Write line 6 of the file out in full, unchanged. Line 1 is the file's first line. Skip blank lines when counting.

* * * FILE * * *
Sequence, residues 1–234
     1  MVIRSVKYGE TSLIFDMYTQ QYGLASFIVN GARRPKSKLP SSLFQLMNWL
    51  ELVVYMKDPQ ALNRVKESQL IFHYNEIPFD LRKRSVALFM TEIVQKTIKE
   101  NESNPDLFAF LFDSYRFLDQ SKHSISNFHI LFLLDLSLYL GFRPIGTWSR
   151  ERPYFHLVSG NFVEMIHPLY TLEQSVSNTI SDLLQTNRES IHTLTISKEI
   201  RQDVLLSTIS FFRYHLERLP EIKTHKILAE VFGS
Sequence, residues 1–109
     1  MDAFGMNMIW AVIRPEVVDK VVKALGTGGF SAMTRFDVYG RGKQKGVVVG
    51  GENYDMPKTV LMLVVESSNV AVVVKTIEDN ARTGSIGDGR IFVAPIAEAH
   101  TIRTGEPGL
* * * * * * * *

   201  RQDVLLSTIS FFRYHLERLP EIKTHKILAE VFGS